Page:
lifestyle

I tried skiing in a south-east London park – here’s how it went


When snow fell on south-east London last February, Colin decided to get his skis on (Picture: Colin Nicholson)

It wasn’t how I imagined my 2020/21 ski season – five days in my local park.

But it did make me briefly wonder, do I really need to go to the Alps to ski every winter?

For skiers and snowboarders, this is heresy. Even before Covid, this meant all the stress of juggling work, budgets and friends’ schedules to achieve that blissful week of gliding down Alpine slopes.

In 2020, however, the chances of that grew agonisingly more distant until they disappeared in a puff of smoke around Christmas with the winter lockdown.

A form of salvation arrived in the second week of February, when
I woke to find much of the country – even my corner of south-east
London – under several inches of snow. So, admittedly feeling rather self-conscious, I put on my boots, shouldered my skis and walked up to Crystal Palace Park.

South-east London looks surprisingly like the Alps when it snows (Picture: Colin Nicholson)
Colin was determined to not let Covid keep him off the slopes (Picture: Colin Nicholson)

There were no planes or accommodation to book and pay for, and no Covid certificates. As for ski passes, my plan was to ski to the bottom of the park and take the bus back up. At £1.55 a ride it compared well with the £40-plus you pay per day in the Alps.

Briefly I was in ski heaven, if by ski heaven you mean a few hundred yards down a gentle hill with very little in the way of moguls and even less in the way of mountains. Or pistes. But you take what you can get, I suppose…

What my limitless enthusiasm (or desperation) had also prevented me from seeing was just how much we rely on resorts to create those speedy runs. In practice, I could only get enough speed on the paths in the centre of the park.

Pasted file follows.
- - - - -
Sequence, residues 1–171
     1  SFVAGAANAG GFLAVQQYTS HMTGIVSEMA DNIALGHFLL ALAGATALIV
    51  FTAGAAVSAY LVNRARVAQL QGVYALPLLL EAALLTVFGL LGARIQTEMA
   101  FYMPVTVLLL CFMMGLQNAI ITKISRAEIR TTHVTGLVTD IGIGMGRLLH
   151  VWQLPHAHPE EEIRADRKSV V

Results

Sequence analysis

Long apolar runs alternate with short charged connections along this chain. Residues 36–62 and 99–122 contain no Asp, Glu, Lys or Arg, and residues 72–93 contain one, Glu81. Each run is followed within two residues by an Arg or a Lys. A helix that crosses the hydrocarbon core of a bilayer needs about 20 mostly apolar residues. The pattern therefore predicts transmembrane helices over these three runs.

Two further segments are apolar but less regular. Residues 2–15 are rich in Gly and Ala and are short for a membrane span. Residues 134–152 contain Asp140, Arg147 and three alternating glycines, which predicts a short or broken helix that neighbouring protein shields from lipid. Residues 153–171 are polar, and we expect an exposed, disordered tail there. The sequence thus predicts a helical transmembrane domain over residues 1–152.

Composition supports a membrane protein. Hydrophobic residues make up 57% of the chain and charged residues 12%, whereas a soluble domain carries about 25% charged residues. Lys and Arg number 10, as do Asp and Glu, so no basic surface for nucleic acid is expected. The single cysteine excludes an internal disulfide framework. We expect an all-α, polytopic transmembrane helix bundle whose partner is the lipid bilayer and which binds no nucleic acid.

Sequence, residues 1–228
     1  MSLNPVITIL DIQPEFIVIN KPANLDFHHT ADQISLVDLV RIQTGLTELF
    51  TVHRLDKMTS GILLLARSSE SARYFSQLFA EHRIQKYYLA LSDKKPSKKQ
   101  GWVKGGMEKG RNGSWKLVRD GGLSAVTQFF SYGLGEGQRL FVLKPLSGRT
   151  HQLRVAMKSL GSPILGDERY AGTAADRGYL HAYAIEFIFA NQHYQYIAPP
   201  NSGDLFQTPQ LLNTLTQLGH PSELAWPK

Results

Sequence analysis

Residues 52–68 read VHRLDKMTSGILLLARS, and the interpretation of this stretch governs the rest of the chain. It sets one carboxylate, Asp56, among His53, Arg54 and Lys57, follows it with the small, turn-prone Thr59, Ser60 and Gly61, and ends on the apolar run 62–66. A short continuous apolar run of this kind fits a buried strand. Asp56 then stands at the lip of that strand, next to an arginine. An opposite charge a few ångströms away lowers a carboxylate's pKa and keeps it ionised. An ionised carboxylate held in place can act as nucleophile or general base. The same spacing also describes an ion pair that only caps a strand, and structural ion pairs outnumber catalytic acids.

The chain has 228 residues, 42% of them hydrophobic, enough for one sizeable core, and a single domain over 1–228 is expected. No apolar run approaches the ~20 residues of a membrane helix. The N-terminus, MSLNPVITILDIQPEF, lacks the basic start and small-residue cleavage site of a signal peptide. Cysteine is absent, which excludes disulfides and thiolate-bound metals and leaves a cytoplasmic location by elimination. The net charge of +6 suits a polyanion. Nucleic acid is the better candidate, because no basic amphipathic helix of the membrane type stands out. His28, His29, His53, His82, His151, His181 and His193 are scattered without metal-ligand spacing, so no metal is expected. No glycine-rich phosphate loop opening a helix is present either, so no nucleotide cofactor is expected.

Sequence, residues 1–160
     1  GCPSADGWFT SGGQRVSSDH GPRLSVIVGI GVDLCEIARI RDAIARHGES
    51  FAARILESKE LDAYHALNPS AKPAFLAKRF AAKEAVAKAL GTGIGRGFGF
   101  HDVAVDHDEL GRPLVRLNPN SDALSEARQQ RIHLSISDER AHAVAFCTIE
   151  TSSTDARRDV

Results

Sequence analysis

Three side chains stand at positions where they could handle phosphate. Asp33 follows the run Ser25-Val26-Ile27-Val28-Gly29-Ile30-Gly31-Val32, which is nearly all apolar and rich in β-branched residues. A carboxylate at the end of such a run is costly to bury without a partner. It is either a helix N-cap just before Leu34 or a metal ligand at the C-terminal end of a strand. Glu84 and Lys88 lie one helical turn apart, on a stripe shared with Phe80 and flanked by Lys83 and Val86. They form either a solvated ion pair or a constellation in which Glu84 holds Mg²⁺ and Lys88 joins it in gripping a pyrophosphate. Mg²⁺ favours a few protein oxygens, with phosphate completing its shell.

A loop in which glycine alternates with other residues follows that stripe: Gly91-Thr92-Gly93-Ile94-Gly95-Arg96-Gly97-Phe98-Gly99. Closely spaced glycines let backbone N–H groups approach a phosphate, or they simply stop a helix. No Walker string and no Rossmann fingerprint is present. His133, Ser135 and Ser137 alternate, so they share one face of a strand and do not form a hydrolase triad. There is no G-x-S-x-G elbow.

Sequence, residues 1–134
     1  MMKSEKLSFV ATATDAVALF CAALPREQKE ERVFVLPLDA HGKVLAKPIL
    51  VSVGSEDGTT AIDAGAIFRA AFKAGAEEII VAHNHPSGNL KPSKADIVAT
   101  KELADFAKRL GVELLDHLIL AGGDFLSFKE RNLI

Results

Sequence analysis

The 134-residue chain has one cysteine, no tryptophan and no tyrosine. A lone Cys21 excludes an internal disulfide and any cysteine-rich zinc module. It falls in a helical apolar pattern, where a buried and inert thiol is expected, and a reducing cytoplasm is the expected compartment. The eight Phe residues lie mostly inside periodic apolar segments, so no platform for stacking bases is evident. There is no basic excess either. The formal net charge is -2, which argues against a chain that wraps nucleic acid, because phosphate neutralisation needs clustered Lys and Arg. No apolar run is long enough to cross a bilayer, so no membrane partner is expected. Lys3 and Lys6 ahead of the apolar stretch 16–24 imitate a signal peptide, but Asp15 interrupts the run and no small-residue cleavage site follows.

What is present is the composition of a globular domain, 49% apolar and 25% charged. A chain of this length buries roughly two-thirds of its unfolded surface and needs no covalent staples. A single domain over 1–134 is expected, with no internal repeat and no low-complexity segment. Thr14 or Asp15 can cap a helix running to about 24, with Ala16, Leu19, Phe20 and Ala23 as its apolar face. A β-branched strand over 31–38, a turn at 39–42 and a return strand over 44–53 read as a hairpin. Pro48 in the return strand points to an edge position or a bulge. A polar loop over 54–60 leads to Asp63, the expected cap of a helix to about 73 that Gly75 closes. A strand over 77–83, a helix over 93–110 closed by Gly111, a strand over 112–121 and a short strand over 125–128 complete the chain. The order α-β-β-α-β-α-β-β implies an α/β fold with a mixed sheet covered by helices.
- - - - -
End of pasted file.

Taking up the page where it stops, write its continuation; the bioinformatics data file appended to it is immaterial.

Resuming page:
The second day I realised what else I was missing. Where was the après-ski? Or at least the comfort of the fully catered holiday? Back at my ‘chalet’, the staff were a tad surly.

(Picture: Colin Nicholson)
One of the runs in Crystal Palace Park (Picture: Colin Nicholson)
He had to avoid dogs and children on sleds (Picture: Colin Nicholson)

‘I’ve been working all day and you want me to prepare canapés?’ complained my husband.

I did eventually get a bottle of prosecco and dinner out of him.

On the whole, the locals were friendly, with some asking to take my photo. But there were no other skiers, just a few children tobogganing, and I had to dodge dog walkers, with one excitable mutt chasing me downhill.

All that hiking back up was taking it out of my legs and by the end of days three and four I was pining for the spa. Oh, for the joy of an alpine sauna or a menthol-infused steam room!

Then on day five – disaster. By now the thaw had reduced the ‘pistes’ to just one, past the lake and concert bowl. But then a council lorry arrived and a worker threw grit all over my run. With that, my winter melted away as the sun set over the south London hills.

So would I give up the chance of a week in the Alps to ski at home, even if we were guaranteed another snowfall? No way. Not in a million years.

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